|Binomial name||Arnica montana|
Other Common Names:
The other common names for the herb arnica are Leopard's bane, Mountain tobacco, Common Arnica, Mountain Arnica, Mountain Daisy and Wolfsbane.
Arnica is an herbaceous perennial plant. The stem of the herb which bears the flowers is normally not branched and slightly hairy in appearance, this flowering branch tends to reach from twelve to twenty four inches in height, and is noticeable by bearing only one to two pairs of leaves on opposite sides of the branch. The plant height ranges from 30 -60 cm. One or two pairs of leaves form a flat rosette.
The arnica is a native of temperate climates, and grows in the wild in the mountain woods and the pastures all along the central part of the European continent, it is also native to regions like the Pyrenees, it is also found in the wild in large tracts of Siberia, in the mountains and plains of Canada, and in vast areas along the continental northwestern US.
Arnica thrives best in calcareous soils in mountain pastures and found especially on granite or siliceous soils
Arnica thrives in a mixture of loam, peat, and sand. It may be propagated by root division or from seed. Sow in early spring in a cold frame, and plant out in May. Seeds are best sown as soon as it is ripe in pots outdoors. A period of cold stratification is helpful. The fresh seed can germinate in 3 - 4 weeks at 13�c according to one report, though it can be slow, difficult and erratic and take 2 years to germinate. Prick out the seedlings into individual pots when they are large enough to handle and plant them out into their permanent positions in the following spring. The flowers are collected entire and dried, but the receptacles are sometimes removed as they are liable to be attacked by insects. The root is collected in autumn after the leaves have died down. The harvest of arnica flowers is usually carried out when the plant is in full bloom during the summer. On the other hand, the rhizomes of the arnica are harvested during autumn, following the death of the plant as the temperature gets colder.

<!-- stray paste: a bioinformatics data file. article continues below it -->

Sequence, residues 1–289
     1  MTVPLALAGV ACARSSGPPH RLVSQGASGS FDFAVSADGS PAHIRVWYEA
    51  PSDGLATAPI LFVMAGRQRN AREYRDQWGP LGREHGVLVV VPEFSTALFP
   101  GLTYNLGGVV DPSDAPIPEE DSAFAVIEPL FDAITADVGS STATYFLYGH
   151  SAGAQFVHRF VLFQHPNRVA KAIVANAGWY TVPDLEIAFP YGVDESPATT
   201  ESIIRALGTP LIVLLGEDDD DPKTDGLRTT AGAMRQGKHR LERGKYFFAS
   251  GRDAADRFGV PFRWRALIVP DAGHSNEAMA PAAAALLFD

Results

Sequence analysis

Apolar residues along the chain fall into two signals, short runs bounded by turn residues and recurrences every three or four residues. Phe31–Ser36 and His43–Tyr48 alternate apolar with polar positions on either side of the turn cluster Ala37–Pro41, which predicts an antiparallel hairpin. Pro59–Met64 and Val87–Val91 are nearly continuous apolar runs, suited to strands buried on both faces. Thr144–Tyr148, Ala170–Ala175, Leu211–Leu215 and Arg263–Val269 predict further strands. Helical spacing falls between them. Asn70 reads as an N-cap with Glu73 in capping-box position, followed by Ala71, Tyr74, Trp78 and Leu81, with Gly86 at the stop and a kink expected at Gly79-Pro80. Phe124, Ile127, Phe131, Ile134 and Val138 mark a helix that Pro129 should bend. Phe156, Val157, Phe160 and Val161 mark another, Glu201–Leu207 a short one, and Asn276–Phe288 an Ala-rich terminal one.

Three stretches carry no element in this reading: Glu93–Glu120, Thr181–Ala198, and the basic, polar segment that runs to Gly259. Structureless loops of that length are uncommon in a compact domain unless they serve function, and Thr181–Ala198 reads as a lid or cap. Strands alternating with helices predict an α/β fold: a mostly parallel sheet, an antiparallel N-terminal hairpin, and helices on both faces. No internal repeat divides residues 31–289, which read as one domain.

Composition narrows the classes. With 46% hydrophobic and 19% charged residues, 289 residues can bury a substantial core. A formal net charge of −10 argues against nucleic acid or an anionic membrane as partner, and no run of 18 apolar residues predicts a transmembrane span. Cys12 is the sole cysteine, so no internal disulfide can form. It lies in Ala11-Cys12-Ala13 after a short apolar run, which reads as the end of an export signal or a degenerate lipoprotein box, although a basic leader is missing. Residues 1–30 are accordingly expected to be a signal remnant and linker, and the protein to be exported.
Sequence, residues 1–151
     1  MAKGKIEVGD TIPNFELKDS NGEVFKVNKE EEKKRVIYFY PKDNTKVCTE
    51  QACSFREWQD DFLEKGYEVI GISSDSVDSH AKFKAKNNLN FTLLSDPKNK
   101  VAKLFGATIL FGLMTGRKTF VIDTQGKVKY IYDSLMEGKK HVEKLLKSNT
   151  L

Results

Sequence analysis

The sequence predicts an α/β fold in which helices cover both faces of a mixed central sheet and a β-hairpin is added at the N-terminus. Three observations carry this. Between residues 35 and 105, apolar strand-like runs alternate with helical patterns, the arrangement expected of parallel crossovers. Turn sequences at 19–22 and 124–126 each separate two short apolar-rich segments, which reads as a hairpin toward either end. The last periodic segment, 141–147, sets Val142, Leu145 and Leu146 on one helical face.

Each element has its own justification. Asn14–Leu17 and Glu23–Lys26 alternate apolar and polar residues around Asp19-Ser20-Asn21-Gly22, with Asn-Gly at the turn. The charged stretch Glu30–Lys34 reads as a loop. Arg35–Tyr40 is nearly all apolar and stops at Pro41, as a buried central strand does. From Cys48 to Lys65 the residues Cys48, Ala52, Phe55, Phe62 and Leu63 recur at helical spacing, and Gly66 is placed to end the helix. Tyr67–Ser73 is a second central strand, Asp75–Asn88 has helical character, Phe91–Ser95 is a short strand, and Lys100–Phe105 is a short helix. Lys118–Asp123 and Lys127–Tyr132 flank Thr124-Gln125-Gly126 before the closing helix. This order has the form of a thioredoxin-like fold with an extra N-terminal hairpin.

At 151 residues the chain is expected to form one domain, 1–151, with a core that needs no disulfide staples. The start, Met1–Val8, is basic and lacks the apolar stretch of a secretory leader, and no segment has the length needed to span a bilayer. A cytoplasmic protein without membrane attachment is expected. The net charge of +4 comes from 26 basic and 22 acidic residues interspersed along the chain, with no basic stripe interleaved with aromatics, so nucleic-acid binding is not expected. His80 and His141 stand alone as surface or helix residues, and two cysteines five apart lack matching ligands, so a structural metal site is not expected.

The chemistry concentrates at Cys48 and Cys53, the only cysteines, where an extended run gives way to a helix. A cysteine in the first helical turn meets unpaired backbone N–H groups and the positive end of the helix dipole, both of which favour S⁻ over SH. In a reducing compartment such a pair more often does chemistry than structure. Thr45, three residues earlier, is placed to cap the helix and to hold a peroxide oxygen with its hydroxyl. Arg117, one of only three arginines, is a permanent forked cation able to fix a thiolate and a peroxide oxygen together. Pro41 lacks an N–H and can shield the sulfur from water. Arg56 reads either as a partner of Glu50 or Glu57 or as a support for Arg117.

The most commonly used parts of the herb arnica are the roots and the flowers for its medicinal and commercial purposes.
Arnica bears golden yellow flowers having a daisy like appearance and structure which tend to bloom during the autumn where it starts appearing by mid-summer.
Pests and Diseases
Crown rot is a rare disease which may affect arnica.
Medicinal and Commercial Applications
• The tincture of arnica is used for external application to sprains, bruises, and wounds, and as paint for chilblains when the skin is unbroken.
• It is used in treating low fevers and paralytic affections.
• Arnica helps in baldness by inducing growth of the hair.
• Arnica is useful and effective against the painful sensations encountered during dental extractions and it is also extensively used to treat physical injuries.
• Arnica brings relief from the pain in rheumatic joints, and they are also used in the topical treatment of painful and swollen feet.
• Internally, it has been used in the treatment of heart complaints and as a booster for the immune system.
• Arnica increases local blood supply and accelerates healing; it is anti-inflammatory and increases the rate of absorption of internal bleeding.
• The homeopathic dose has also been used effectively in the treatment of epilepsy and seasickness.
Arnica montana was used in Russian Folk medicine and the Swiss Alps. Goethe claimed this remedy saved his life when he was struck down with an otherwise uncontrollable high fever.